Englische Philologie (B.A.)

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Playing with Love: Early Modern Poetry (Literaturwissenschaft)

John Donne can be seen as the enfant terrible of the English Renaissance. Born a Catholic, he was one of the leading ‘university wits’ in the London law schools of the Inns of Court, before he converted to Anglicanism and became a powerful preacher at St. Paul’s. In his early years widely known as a ‘great frequenter of ladies and of plays’, he influentially contributed to the early modern mania of writing love poetry but turned the traditional Petrarchan model of unrequited love into a game of imaginatively exploring alternatives.


            ’Tis true, ’tis day, what though it be?

                O wilt thou therefore rise from me?

                Why should we rise, because ’tis light?

                Did we lie down, because ’twas night?

5             Love which in spite of darkness brought us hither,

                Should in despite of light keep us together.


                Light hath no tongue, but is all eye;

                If it could speak as well as spy,

                This were the worst, that it could say,

10            That being well, I fain would stay,

                And that I loved my heart and honour so,

                That I would not from him, that had them, go.


                Must business thee from hence remove?

                Oh, that’s the worst disease of love,

15            The poor, the foul, the false, love can

                Admit but not the busied man.

                He which hath business, and makes love, doth do

                Such wrong, as when a married man doth woo.

(John Donne, “Break of Day”)


After carefully reading the poem several times (and making sure that you understand all the words), please answer the following (three) questions.

Question #1

Which of the following statements would you say are possibly correct? 


not really possible

The writer of the poem is male.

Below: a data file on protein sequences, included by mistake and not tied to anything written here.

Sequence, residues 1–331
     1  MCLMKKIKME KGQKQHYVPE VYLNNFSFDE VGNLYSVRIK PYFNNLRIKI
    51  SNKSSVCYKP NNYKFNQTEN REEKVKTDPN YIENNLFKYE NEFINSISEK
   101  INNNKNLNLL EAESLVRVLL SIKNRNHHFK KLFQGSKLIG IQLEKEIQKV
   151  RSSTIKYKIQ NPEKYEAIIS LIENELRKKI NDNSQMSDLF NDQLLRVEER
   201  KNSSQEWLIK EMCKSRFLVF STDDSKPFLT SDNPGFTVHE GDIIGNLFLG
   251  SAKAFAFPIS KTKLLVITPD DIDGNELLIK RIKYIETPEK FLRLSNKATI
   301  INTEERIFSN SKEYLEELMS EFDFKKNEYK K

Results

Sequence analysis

John Donne is a man’s name and it is not a pseudonym, so there is no reason to assume that the author is not a man.

The speaker of the poem is a man. 

Since the one who wants to leave is male (‘busied man’16, ‘He’17, ‘married man’18), it would be extremely unlikely for the Renaissance to openly celebrate a male speaker asking a man to stay with him in bed, even though it is not explicitly said that the speaker is a woman.

The speaker of the poem is a woman. 

Since the speaker for historical reasons cannot really be male, it would in all likelihood have to be a woman (turning the text into a cross-gendered poem)—though, admittedly, there is no explicit textual element indicating this.

The speaker and the addressee are together in a bed in the morning.

The words ‘rise from’2 and ‘lie down’4 indicate that the speaking takes place somewhere (‘hither’5) where the speaker and the addressee are still lying ‘together’6, though the sun is already up as indicated (among other elements) by the title of the poem (“Break of Day”).

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Task #2

Decide at which point in the poem the following statements can be made by the addressee.

stanza 1

stanza 2

stanza 3

stanza 3

I will go now because I have to go to work. 

If stanza 3 argues that ‘business’13 cannot be a reason against ‘love’14/15/17, this implies that the addressee seems to have brought up this new argument between stanzas 2 and 3.

I will go now because otherwise the neighbours will talk. 

If stanza 2 argues that morals (‘spy’8, ‘the worst’9) cannot be brought forth against love, this must have been the addressee’s second argument against staying between stanza 1 and 2.

All right, I will stay. 

If the speaker’s persuasion is successful (as the superlative ‘worst’14 and the reference to sin in the ‘married man’18 try to imply), there might (hopefully) be no further counter-argument against this and the two will remain in bed together, with the poem ending in fulfilment.

It’s day, I think I will go now. 

The concession in the first line ‘’Tis true, ’tis day’1 implies that the speaker is already answering something that has been uttered before the poem actually begins, which means that the addressee seems to have brought forth the argument of time against love before stanza 1.

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Question #3

Which of the following statements would you consider to be possibly correct? 


not really possible

The poem is a sonnet. 

A sonnet usually has 14 lines organised into either two quatrains (four lines) and two tercets (three lines) or three quatrains and a couplet (two lines), which is both not the case here.

The poem could belong to a collection called Songs and Sonnets

The (posthumous) collection of love poems by John Donne has been called Songs and Sonnets.

The poem does not follow any form. 

Since there are clearly discernible repetitions and structures the poem cannot be said to have no form at all.

The poem’s form is regular. 

The poem is regular in the sense that it has three parallel stanzas (for the three different arguments), each having six lines in iambic tetrameters (a/b) or pentameters (c) and all of them following the same rhyme pattern of aabbcc.

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